Adland v. Russ (2000)
ADLAND v. RUSS (2000)
United States District Court
ADLAND v. RUSS
107 F.Supp.2d 782 (E.D.Ky.2000)
No. Civ.A. 00-51.
United States District Court,
July 27, 2000.
* * * * *.
MEMORANDUM OPINION AND ORDER
HOOD, District Judge.
On April 21, 2000, Governor Paul E. Patton signed into law Senate Joint Resolution Number 57. Section 8 of this Resolution requires that the Department of Facilities Management "relocate the monument inscribed with the Ten Commandments which was displayed on the Capitol grounds for nearly three decades to a permanent site on the Capitol grounds near Kentucky's floral clock to be made a part of a historical and cultural display which shall include the display of this resolution in order to remind Kentuckians of the Biblical foundations of the laws of the Commonwealth." Senate Joint Resolution No. 57 [Resolution], Section 8.
The plaintiffs seek to permanently enjoin the defendant
from complying with the mandate of Section 8 of the Resolution. By agreement of
the parties, the matter was heard on the merits, see Fed.R.Civ.P.
65(a)(2), on July 25, 2000. After hearing the arguments of counsel, the Court
granted the plaintiffs the relief they sought, orally stating its preliminary
findings of fact and conclusions of law. This Memorandum Opinion formalizes the
The Resolution itself contains a preamble consisting of seventeen "Whereas" clauses. The clauses recite the legislative purposes in enacting this Resolution. Two of the clauses involve Supreme Court decisions, and employ quotes which, when viewed in isolation, conclude that the Supreme Court has declared the United States to be a "Christian nation." Resolution, preamble. Ten of the clauses quote famous Americans professing their beliefs in the Bible, God, or Christianity. Four other clauses incorporate miscellaneous quotations regarding God or the Bible in pre-Revolutionary legislative sources or in Kentucky law. See id. The final clause implies that the text of the Ten Commandments appears in the U. S. Supreme Court chambers as part of a frieze which contains several depictions of historical law givers. See id.
The monument referred to in the Resolution, Section 8, is a stone marker that is over six feet tall and almost four feet wide. It was given to the Commonwealth in 1971 by the Fraternal Order of Eagles. In addition to the text of the Ten Commandments, the monument is inscribed with the Star of David, the Chi Rho, the "all-seeing eye" inside a pyramid, an eagle, and a flag. Contrary to the statement contained in the preamble to the Resolution, the monument was displayed on Capitol grounds for less than ten years or until 1980 when it was removed to make room for construction of a chiller plant. It has remained in storage since that time.
Section 8 of the Resolution directs that the monument be relocated to "Capitol grounds near Kentucky's floral clock." The floral clock area is a prominent and central feature on the Capitol grounds. The floral clock can be seen from the circular drive that leads up to the Capitol plaza and the public parking area. In fact, this position is such a focal point for the area that the State has chosen this location for a bronze plaque which welcomes visitors to the State Capitol. The plaintiffs argue that this dominant position indicates that the State favors and endorses monuments located there.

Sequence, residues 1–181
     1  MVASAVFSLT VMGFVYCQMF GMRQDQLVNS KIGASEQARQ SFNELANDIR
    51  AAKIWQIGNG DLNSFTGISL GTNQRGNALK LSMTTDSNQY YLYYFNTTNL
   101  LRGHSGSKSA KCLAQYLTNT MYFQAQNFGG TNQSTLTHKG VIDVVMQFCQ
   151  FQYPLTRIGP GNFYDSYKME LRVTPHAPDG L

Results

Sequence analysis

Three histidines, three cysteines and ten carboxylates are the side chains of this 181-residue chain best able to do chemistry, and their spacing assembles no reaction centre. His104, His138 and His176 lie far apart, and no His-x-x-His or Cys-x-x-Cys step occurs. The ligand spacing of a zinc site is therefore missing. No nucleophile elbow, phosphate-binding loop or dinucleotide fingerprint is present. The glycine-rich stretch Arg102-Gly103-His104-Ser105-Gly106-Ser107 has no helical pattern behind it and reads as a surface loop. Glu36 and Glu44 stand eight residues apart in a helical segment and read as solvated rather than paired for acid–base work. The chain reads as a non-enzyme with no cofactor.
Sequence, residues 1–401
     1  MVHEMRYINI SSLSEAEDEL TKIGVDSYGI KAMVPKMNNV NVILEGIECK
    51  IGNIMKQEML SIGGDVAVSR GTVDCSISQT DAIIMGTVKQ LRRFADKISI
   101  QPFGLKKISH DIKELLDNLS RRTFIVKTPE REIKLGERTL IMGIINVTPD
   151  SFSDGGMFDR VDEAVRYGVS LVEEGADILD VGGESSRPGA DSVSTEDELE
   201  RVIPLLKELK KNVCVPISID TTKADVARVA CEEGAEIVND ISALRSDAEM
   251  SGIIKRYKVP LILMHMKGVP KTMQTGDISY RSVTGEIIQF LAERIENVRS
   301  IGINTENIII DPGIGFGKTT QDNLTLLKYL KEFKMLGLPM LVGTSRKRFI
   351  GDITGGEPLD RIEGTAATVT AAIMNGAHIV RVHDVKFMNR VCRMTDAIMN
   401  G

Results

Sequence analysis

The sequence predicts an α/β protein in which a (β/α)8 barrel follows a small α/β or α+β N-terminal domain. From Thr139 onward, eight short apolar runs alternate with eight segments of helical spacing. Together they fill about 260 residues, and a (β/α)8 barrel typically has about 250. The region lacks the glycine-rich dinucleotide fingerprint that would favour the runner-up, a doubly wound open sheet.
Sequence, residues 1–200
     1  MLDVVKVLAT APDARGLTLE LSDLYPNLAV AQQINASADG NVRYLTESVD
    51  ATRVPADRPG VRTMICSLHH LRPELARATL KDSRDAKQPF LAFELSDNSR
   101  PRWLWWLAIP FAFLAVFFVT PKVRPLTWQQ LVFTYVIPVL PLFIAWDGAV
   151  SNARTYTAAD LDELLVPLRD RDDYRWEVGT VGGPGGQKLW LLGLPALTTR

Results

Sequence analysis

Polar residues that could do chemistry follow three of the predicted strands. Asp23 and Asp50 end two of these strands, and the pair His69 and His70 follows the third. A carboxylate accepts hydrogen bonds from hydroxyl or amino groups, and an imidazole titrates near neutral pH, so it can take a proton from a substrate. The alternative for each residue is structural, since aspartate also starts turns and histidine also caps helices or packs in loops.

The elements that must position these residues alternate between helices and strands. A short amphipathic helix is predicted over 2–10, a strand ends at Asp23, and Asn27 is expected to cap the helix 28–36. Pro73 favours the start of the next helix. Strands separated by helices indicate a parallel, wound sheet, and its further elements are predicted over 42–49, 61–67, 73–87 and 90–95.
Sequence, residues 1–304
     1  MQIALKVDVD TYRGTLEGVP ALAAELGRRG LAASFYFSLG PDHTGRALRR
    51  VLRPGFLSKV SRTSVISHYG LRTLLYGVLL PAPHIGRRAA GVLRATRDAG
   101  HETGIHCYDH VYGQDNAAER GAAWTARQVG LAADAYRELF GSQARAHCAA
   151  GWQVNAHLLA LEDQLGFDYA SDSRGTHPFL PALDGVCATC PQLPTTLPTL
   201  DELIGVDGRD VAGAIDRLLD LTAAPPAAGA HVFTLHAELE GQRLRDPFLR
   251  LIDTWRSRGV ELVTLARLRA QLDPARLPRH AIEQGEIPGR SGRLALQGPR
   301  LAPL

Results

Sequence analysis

In addition to the centralized location, the floral clock located in this area attracts attention. The clock is thirty-four feet in diameter and weighs over 200,000 pounds. It is surrounded by seven other smaller memorials that emphasize the State's pride in the citizens, veterans, and public servants to whom said memorials are dedicated. If the "Ten Commandments Monument" were to be relocated to this area of the Capitol grounds, it would be the largest monument in the area, except for the floral clock. Both the floral clock and the "Ten Commandments Monument" would be visible to motorists driving on the road between the Capitol and the Capitol Annex.
Plaintiffs have filed this suit to enjoin the defendant, the Commissioner of the Department for Facilities Management of the Commonwealth, from relocating said monument to the Capitol grounds near the floral clock as directed by Section 8 of the Resolution, arguing that the provision is unconstitutional.
Issue of Standing
Defendant argues that Plaintiffs lack standing to bring this suit. The named plaintiffs include Rabbi Jonathon Adland, Reverend Johanna Bos, Reverend James Greenlee, Reverend Gilbert Schroerlucke, Jeff Vessels, and the American Civil Liberties Union of Kentucky (ACLU). All of the individually named plaintiffs have filed affidavits which indicate that they travel to the State Capitol frequently, and will endure direct and unwelcomed contact with the monument once it is relocated. The ACLU represents 1,800 members across the state who frequently travel to the Capitol and will also come in direct and unwanted contact with the monument if it is relocated near the floral clock.
Defendant argues that these Plaintiffs do not have
standing as they will "not come into direct contact with the monument so as
to be offended or form any other opinion regarding its message." Response
at 13. The Sixth Circuit has held that anyone visiting a facility in which a
religious object is unconstitutionally displayed, has standing to file suit as
said person has suffered an actual injury. See Washegesic v. Bloomingdale
Public Schools, 33 F.3d 679, 683 (6th Cir.1994) (holding that a
student who had graduated still had standing to sue his former school as he
could possibly return to site for social events). Thus, the plaintiffs have the
requisite standing to pursue this action.
Constitutionality of Section 8 of The Resolution
The constitutionality of Section 8 is to be judged under
the standards set forth in Lemon v. Kurtzman, 403 U.S. 602, 91 S.Ct.
2105, 29 L.Ed.2d 745 (1971). In other words, the challenged section must
"have a secular legislative purpose". Id. at 612, 91 S.Ct.